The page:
Photo credit:  Athena Alexander

La Selva rainforest, Costa Rica

La Selva rainforest, Costa Rica

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60 thoughts on “Sloths

    • I just visited your wonderful site, Matthias, hoping to find out where in Panama you saw the sloths. I found many wonderful creatures and posts, but if there was a sloth post I missed it. Would you please tell me where in Panama you saw loads of sloths? I want to go there. 🙂

      • thanks for your visit! 🙂 You are right, posts on Panama or sloths in general are yet lacking… you have to be a little bit patient, please! 😉 I have seen many sloths in the park at Punta Culebra on Isla Naos near Panama City (I think this is a more or less safe place where you will see them)! But they also occur commonly at other places, for example, around the research station at Punta Galeta near Colón… and if you are in the area, you should visit Barro Colorado Island… that’s a great experience anyways and possibly you may spot sloths there too! 🙂 good luck!! 🙂

      • This is excellent! Thanks so much, Matthias, I appreciate your time in laying out the details. I am working on vacation plans for next yr and Panama is high on the list of possibilities. 😀 😀

  1. It’s interesting to read about “They climb down the tree trunk, dig a small hole … and then make the long journey back up.” Thank you for sharing your adventure, Jet. 🙂

  2. We saw a few of them in Costa Rica too, but I was there for four months, passing on the same road daily. One time it was on the ground, and when we came back from our work in the late afternoon, he barely was above the ground on the tree. They really are slow and rather odd looking too.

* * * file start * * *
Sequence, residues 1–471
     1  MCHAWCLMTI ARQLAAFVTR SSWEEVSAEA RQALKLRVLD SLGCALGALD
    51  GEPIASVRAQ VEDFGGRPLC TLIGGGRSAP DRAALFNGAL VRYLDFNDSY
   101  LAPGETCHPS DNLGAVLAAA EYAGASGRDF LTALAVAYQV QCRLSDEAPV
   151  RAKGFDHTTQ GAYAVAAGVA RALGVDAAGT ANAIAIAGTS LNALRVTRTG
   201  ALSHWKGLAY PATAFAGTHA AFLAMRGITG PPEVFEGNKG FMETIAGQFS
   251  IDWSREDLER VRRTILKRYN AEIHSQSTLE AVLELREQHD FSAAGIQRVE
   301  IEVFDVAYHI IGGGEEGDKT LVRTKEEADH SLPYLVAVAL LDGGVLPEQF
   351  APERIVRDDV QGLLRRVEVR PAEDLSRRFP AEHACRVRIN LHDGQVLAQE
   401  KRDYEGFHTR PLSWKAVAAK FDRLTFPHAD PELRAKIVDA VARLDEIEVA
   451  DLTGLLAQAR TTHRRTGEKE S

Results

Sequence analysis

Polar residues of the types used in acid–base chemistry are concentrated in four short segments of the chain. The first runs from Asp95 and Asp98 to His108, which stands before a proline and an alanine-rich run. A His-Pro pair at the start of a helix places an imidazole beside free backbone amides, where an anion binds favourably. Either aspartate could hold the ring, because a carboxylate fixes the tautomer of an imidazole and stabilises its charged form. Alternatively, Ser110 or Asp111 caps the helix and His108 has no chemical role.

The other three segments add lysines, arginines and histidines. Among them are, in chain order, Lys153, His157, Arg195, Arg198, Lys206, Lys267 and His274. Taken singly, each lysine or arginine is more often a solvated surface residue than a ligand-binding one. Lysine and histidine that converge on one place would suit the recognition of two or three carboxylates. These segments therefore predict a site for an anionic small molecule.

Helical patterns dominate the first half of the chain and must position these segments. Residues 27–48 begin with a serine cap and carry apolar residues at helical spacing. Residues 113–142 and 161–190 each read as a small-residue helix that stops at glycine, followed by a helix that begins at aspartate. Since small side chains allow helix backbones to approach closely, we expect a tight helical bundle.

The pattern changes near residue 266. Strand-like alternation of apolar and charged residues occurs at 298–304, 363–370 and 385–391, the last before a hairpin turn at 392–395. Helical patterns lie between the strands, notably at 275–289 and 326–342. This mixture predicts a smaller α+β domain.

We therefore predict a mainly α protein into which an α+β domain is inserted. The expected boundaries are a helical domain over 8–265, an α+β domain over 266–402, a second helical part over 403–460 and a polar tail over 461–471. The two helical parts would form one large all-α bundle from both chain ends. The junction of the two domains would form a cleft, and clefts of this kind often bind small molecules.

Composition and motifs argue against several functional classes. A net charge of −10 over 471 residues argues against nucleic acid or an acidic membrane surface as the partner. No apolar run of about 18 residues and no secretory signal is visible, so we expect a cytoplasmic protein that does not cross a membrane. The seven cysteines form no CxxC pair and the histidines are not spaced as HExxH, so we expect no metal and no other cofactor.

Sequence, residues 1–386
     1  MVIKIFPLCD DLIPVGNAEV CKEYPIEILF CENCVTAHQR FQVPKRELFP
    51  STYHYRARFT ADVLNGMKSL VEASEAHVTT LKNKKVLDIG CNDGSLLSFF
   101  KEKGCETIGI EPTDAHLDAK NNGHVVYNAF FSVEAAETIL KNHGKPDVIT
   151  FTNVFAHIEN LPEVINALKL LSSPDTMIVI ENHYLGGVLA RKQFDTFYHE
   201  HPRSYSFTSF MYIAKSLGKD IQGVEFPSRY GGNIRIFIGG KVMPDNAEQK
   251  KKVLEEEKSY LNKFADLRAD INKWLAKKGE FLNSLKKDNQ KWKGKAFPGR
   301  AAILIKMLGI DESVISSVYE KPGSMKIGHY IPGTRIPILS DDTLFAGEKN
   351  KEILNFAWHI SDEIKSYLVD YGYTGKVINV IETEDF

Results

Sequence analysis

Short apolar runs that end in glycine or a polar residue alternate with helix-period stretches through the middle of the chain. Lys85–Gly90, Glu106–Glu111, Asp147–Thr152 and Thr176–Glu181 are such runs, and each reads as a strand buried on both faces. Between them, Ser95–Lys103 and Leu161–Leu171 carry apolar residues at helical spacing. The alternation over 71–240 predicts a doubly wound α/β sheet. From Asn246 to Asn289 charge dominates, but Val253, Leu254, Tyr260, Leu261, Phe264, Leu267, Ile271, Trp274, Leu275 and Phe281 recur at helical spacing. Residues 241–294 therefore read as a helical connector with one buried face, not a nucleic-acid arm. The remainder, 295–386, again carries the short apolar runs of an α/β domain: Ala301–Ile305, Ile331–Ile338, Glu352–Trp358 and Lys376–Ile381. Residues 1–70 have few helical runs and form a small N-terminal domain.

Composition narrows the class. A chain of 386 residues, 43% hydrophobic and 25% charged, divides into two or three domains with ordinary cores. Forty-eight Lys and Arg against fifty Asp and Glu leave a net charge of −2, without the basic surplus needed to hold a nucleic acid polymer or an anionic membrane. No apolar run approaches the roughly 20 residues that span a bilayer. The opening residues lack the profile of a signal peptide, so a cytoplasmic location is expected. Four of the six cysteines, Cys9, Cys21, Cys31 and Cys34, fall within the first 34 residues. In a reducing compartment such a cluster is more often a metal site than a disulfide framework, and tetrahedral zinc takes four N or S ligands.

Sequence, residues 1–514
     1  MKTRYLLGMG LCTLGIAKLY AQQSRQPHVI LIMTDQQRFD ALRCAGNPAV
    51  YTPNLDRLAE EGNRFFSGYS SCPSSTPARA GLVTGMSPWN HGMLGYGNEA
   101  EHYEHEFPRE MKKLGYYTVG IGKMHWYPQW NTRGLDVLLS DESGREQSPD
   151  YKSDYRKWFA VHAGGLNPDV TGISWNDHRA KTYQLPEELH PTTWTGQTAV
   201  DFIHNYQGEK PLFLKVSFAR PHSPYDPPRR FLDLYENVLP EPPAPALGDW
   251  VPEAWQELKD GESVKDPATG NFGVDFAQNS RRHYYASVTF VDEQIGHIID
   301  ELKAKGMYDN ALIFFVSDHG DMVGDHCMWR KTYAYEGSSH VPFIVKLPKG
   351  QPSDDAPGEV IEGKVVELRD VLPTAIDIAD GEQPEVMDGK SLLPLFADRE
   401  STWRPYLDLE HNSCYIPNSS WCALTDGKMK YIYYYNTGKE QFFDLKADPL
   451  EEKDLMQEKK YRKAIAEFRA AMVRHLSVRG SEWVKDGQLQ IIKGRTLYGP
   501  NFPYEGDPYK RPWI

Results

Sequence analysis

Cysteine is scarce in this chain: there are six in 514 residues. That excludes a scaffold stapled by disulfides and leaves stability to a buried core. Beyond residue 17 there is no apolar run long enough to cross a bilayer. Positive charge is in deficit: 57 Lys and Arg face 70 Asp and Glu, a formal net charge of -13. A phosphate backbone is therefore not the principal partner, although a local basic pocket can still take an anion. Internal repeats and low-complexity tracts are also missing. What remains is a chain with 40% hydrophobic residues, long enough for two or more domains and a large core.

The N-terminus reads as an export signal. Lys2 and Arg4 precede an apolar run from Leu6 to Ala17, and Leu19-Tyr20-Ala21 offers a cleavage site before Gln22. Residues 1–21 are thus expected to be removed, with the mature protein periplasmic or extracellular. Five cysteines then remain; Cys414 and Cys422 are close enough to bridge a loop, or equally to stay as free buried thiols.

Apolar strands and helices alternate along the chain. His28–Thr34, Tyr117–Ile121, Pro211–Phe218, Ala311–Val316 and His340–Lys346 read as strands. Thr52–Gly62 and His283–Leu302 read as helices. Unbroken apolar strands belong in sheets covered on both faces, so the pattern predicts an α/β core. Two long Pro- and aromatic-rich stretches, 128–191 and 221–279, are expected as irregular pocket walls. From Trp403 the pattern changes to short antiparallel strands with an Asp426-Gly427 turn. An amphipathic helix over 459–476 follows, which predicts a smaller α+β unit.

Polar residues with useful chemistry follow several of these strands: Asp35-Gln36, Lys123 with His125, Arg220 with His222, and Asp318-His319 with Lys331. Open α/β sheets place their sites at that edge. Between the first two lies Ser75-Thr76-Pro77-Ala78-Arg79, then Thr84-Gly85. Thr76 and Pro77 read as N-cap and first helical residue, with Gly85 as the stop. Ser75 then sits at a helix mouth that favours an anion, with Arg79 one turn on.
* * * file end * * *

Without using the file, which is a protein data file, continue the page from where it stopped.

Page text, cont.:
• Passing on the same road daily for 4 mos. (how wonderful) is exactly how we get to see them. Great that you actually saw him/her on the ground! Thank you Donna. 😀

  3. Amazing! Once more I am grateful for you and Athena – for your willingness to pray the price with perseverance and patience (and passion!) so that others can share in these unique experiences.

    • It is such a pleasure to share it with you, Nan, and the other blog visitors you speak of. There are so many wonderful wild creatures on this planet — by sharing experiences with others is one way to help save the creatures. My wishes to you for a blessed day. 😀

  4. There are sloths in Costa Rica? To think we may have been rafting under their sleeping bodies the entire time, lol. What a wonderful treat for you to actually see a SLOTH and more then once, FABULOUS! 🙂

    • You probably WERE rafting under their sleeping bodies, Joanne. lol. They are so very difficult to see, even when someone is showing you! Thanks so much for your fun comment today. 😀